I highly recommend every Debbie Weil has to say. I've been following her through her WordBiz newsletter and found it very useful in improving my marketing copywriting. Your company should be seriously considering the use of weblogs for internal knowledge management.
Blogging serves as a useful way to discuss abstract information while capturing the thoughts in writing. It provides individuals a way to express their views on individual topics without direct real-time conversations. If your people are busy, blogging can help them stay in touch without the risk of losing information laden email messages.
How to use make weblogs useful for internal discussions...
Provide the tools. Two software packages I recommend (both very moderately priced) are "Radio Userland" and MovableType. Both allow multiple users, and both are very flexible. You should be testing this concept with one of these tools today.
Categorize by function unit. Build discussion categories around topics that make sense for your company. This can be as simple as naming projects per functional work group, or open as topical channels.
Encourage participation. A few minutes a day reading other peoples project comments, and sharing your own can grow your companies knowledge base around a certain topic. Since employees can do this anytime they want, it makes it easier to put all your experts together.
Utilize news aggregation. Blogging tools like "Radio Userland" have built in news aggregation tools that let you see headlines from other blogs in a simple easy to follow format. This facilitates the level of communications and commenting on each others work.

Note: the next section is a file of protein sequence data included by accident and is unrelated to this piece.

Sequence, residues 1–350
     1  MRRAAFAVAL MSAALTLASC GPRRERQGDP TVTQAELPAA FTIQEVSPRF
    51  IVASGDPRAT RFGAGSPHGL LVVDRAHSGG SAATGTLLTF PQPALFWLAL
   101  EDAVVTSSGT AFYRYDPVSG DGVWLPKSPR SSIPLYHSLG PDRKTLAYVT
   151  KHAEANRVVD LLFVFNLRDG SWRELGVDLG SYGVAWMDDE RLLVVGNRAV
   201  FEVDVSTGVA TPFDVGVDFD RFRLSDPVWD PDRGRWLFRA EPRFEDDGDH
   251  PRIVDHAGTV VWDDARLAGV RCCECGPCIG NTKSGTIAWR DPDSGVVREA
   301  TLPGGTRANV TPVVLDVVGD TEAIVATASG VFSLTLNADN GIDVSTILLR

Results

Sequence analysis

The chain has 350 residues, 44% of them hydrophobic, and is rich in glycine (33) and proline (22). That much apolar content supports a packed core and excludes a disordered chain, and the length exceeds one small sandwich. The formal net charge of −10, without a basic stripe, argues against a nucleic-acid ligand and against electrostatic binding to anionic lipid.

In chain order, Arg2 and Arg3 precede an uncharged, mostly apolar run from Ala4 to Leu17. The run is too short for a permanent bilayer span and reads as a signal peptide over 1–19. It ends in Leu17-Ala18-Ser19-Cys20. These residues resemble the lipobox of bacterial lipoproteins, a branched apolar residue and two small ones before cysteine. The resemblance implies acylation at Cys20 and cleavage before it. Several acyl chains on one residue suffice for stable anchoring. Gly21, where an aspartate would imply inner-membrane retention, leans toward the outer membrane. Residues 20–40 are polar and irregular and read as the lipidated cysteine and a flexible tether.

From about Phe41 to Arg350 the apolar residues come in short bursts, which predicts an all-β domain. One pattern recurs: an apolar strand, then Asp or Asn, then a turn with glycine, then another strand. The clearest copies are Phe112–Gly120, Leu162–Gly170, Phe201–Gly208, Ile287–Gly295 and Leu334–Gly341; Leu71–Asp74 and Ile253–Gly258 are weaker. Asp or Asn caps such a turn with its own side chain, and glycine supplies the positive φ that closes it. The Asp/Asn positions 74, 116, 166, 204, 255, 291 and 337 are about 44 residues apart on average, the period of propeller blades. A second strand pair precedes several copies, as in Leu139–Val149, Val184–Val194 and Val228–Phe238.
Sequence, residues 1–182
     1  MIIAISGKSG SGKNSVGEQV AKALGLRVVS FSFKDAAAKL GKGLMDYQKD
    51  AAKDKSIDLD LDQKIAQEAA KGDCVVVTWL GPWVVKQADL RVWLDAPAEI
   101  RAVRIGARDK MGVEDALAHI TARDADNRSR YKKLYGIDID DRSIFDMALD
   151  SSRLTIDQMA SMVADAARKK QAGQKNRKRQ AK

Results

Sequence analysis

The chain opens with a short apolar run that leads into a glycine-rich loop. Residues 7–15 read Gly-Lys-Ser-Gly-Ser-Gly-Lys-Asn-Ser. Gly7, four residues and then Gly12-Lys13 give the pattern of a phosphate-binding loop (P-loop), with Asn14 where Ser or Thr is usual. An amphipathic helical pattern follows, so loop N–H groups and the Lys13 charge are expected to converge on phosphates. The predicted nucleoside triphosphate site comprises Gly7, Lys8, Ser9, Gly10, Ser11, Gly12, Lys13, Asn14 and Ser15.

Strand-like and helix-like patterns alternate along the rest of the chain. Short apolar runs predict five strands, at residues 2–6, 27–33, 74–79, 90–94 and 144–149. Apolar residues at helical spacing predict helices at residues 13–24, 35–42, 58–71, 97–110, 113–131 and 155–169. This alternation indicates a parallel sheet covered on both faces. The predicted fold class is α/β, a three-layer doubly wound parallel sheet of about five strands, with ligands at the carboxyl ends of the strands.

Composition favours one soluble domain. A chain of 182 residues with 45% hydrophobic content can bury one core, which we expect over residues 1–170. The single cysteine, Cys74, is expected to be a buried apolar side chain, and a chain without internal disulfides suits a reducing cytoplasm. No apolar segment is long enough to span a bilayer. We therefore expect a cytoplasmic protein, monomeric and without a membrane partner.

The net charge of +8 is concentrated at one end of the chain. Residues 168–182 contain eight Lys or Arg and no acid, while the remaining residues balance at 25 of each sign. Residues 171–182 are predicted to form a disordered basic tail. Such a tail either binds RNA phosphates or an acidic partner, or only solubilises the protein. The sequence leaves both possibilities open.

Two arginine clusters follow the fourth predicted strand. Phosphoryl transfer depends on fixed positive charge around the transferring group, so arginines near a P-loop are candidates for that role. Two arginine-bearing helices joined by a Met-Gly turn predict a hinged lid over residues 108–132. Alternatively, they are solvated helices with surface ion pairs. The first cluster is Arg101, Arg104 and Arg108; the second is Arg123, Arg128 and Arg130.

Integrate into website. Use a flexible interface like Netscapes My.Netscape to let employees customize their intranet home page, let them display the headlines relevant to their job. Dashboard tools are available, and XML is simple to integrate into most web servers via CGI.
Use communications guidelines. Make it clear what can and can't be said on a web logs, for internal systems this really isn't much of a problem. If you ever plan to share weblogs with other companies (very valuable) you want to at least be consistent.
Improve individual skills. This doesn't mean a creative writing class, but each employee must have a certain proficiency in written communications. Choose tools with spell checkers, and when one isn't available use a dictionary.